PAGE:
Moebius: Empire Rising Review – Fallen Empire

Developed by Pinkerton Road. Published by Phoenix Online. Released April 15, 2014. Available on Android, iOS, PC (reviewed).


Jane Jensen’s Moebius: Empire Rising is billed as a metaphysical thriller, but it’s really not very thrilling at all. There’s a potentially good story in there somewhere, but it’s laid low by awkward plot twists, paper-thin characters and a slavish devotion to old-fashioned adventure game mechanics.

Moebius: Empire Rising is played, mostly, as Malachi Rector, an antiques dealer and appraiser who fits nicely into the character archetype that’s grown popular in television shows from House to Elementary: socially maladroit but so sparklingly brilliant that people put up with his brash rudeness. He serves a very exclusive and wealthy clientele, traveling around the world to tell them whether they’re investing in genuine and valuable antiquities or being fleeced by shady con-men.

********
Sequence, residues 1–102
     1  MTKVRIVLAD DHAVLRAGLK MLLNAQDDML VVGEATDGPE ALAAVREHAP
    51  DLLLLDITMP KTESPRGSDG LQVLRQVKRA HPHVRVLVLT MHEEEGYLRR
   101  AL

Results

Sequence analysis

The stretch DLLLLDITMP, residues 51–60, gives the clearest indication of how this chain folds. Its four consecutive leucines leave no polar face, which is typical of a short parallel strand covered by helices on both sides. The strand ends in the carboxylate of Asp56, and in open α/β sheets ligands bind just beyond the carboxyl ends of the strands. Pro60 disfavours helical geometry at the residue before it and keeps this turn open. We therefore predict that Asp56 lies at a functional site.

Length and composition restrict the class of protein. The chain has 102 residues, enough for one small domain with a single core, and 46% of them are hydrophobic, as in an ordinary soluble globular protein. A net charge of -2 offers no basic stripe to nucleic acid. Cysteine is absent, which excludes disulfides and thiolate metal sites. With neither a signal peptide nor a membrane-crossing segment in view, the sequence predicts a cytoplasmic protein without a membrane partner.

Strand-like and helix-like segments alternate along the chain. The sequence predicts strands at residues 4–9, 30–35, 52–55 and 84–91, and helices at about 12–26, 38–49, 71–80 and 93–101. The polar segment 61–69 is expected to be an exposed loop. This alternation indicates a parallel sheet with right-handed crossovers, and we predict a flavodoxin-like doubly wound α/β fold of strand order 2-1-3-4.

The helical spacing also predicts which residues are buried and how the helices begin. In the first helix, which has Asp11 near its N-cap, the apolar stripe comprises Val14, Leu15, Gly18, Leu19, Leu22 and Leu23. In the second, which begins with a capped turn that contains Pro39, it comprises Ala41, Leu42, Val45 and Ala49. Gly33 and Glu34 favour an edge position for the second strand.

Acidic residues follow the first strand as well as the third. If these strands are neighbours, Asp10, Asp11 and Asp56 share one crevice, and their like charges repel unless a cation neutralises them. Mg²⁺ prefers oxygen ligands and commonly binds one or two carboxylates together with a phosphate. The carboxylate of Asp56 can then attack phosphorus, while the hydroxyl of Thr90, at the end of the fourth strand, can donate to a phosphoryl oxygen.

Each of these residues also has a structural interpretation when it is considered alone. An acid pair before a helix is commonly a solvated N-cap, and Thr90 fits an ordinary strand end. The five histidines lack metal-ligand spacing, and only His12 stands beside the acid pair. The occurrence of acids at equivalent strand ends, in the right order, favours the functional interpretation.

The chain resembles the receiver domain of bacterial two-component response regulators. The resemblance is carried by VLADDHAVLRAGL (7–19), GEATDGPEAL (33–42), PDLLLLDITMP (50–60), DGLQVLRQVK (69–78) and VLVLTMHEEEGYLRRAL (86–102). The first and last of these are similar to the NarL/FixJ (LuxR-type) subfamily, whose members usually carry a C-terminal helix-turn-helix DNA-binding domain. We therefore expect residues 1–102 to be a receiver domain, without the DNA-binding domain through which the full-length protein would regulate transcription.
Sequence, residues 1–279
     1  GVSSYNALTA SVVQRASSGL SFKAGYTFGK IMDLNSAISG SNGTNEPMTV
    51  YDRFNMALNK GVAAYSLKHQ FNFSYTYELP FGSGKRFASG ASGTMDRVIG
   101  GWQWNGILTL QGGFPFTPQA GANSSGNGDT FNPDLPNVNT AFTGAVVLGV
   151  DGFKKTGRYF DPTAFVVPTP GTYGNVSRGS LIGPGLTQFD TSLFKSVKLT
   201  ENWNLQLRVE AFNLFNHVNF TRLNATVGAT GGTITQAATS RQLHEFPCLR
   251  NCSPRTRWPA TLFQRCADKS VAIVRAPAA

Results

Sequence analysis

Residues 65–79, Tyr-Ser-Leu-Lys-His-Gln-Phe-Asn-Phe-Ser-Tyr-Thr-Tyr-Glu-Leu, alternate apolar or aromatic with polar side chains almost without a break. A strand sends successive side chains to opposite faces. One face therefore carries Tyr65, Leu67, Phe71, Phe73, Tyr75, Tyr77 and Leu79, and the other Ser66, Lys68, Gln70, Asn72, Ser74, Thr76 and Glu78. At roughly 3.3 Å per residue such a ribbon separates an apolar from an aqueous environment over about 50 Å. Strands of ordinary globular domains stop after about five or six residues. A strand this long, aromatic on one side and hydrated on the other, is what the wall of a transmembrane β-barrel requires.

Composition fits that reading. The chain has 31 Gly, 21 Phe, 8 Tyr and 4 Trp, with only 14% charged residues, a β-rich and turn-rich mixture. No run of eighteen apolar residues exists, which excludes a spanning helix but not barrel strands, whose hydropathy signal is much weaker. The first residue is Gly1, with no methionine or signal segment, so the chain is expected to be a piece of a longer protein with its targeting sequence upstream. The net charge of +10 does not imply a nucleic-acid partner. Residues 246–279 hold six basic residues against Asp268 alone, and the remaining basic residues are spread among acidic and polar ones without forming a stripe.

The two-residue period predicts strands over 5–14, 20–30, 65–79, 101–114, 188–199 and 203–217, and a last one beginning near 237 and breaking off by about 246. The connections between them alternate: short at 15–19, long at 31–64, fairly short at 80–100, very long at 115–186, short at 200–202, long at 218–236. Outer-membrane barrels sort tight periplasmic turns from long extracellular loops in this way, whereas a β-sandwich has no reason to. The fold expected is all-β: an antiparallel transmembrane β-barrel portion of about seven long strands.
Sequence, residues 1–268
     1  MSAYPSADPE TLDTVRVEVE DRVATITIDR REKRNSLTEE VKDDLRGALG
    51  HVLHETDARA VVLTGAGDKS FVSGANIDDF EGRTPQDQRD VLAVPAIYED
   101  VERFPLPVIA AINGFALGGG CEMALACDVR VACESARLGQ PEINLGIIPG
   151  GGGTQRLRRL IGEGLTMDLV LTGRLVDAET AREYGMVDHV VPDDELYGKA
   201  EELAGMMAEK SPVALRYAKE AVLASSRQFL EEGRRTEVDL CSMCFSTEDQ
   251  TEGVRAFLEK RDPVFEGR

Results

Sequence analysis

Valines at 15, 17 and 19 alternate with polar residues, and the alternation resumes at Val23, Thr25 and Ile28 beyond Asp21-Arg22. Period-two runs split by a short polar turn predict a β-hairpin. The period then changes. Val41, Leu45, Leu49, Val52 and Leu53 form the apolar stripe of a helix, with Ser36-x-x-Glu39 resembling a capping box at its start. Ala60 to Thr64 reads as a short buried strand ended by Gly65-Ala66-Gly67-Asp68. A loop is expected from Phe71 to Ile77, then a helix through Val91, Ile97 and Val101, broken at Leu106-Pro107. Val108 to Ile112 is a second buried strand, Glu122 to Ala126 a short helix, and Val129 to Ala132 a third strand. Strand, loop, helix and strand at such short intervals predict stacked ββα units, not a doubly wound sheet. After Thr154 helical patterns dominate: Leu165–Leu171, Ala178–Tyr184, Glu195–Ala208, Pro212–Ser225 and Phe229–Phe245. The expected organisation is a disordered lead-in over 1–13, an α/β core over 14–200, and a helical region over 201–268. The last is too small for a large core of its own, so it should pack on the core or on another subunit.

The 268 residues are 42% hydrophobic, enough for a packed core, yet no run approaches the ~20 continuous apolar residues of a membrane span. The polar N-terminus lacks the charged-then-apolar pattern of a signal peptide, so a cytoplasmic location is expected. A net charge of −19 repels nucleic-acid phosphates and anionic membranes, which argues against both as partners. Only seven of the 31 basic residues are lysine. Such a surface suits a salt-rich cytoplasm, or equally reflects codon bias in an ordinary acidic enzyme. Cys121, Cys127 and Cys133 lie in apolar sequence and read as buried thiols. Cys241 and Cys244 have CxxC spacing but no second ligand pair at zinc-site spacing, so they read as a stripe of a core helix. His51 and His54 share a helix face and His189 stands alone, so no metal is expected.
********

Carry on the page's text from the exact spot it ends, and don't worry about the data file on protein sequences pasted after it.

It’s a unique talent that earns the attention of FITA, a secretive government agency that recruits him to investigate a young woman who’s been murdered in Venice: Not the murder itself, but the victim, a strange distinction that’s central to the story and so of course isn’t clarified until much later. As part of his investigation, Malachi must analyze many of the people he meets, collecting “data points” about their lives and then comparing them to real-life people throughout history. The idea is to determine if a person has any connection to famous figures from the past, and the process of narrowing down a large pool of candidates to a single individual is a pretty cool bit of puzzling – until you realize that you can’t get it wrong.